Amy’s Greenmart is a very enjoyable time management game in the style of GameHouse titles. The gameplay is similar but Amy’s Greenmart has some specific mechanics which individualizes it and make it stand out from the other titles of the genre.
Pretty much like in any GameHouse game, in each level you will need to help Amy manage the eco-shop by fulfilling your customer orders, cash in their payments and keep the place sparkly clean. However, instead of serving the items to your clients, you will have to ensure that all the shelves are fully stacked, that there are enough shopping carts available for new customers and that you don’t run out of supplies. To spice it up a bit, some of the customers do have special demands, to which you have to tend immediately. Whether it’s an old lady who doesn’t find a certain product or a celebrity who is too cool to shop by themselves or a mother separated from her child, you will have to drop everything and go help them before the time runs out. The game is essentially a balancing act between keeping your shelves fully stacked so that the customers don’t wait and fulfilling the needs of these special customers, in addition to keeping an eye out for troublemakers or potential thieves and taking care of your mini-garden.
With the money gained, you can buy upgrades for your shop – either bigger shelves, increased customer patience, movement speed or a bigger tray. An innovative element is the fact that you can use your money to hire helpers (a gardener, a cashier, a janitor etc). There’s a similar mechanic in GameHouse titles as well – for example in some levels a NPC takes up your duty of cleaning the tables. In Amy’s Greenmart these NPCs still don’t fully automate your job – you will still need to click them every few seconds in order to activate them and make them work; they do save you a lot of “running around” time, and they are nevertheless extremely helpful.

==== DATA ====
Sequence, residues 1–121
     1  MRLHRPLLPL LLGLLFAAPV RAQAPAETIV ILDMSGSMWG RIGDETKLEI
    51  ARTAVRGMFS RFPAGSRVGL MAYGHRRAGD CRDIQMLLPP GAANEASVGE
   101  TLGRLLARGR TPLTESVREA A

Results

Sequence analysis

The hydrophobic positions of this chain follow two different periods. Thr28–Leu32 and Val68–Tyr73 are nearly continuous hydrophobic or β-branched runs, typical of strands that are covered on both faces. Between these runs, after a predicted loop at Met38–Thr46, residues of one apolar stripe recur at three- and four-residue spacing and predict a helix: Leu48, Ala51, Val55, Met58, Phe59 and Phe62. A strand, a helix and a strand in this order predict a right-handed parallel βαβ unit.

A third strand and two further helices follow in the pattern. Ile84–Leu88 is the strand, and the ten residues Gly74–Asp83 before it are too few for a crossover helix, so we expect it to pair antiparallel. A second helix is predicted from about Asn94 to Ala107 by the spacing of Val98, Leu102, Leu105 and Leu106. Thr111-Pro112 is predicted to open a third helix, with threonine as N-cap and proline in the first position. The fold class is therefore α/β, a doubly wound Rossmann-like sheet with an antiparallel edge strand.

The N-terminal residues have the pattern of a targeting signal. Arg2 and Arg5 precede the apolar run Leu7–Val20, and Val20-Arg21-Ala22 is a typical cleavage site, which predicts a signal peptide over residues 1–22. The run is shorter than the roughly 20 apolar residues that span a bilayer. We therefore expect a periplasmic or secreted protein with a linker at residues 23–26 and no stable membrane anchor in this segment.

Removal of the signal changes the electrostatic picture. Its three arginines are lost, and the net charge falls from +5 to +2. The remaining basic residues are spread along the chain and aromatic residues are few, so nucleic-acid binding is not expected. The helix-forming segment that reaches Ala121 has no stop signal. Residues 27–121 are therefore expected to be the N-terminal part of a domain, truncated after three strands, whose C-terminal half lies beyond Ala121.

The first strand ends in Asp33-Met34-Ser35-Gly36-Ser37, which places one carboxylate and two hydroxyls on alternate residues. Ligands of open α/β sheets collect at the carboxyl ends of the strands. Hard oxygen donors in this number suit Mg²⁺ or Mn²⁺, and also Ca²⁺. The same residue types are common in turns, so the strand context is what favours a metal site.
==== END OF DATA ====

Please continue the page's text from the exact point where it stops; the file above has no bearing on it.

The storyline of Amy isn’t an essential component of the game – it’s simplistic yet still fun to read and very beautifully designed, with cutscenes present only in between chapters. It follows Amy’s journey of managing the chain of eco-shops she opens, while also finding romance on her path.
None of the levels is extremely difficult, but some of them pose a certain challenge of reaching the required score for a star, even with the shop fully upgraded. These are usually the last 2-3 levels of each chapter. If you feel that playing on “Normal” difficulty is too demanding, there’s also a “Relaxed” mode available and you can switch to that at any point. In relaxed mode, customers don’t lose patience – therefore you can take your time to fulfill all their needs without any kind of penalty.
I loved all aspects of the game, except for one minor annoyance. I would have expected for Amy’s “tray” to be visible at all times (for example, as part of the interface), but sometimes it is intentionally not displayed. You can see what Amy carries on the cart that she pushes around the store; however, while doing certain actions (when she interacts with customers or operates different machines) or when the cart is obscured by other objects in the scene, its contents are not visible any more; during this time, you are unable to pre-plan your actions – which is exactly the core strategy of time management games.
Overall, I had great fun with Amy’s Greenmart and I was pleasantly surprised to discover some innovative mechanics that I never encountered before in other titles belonging to this genre.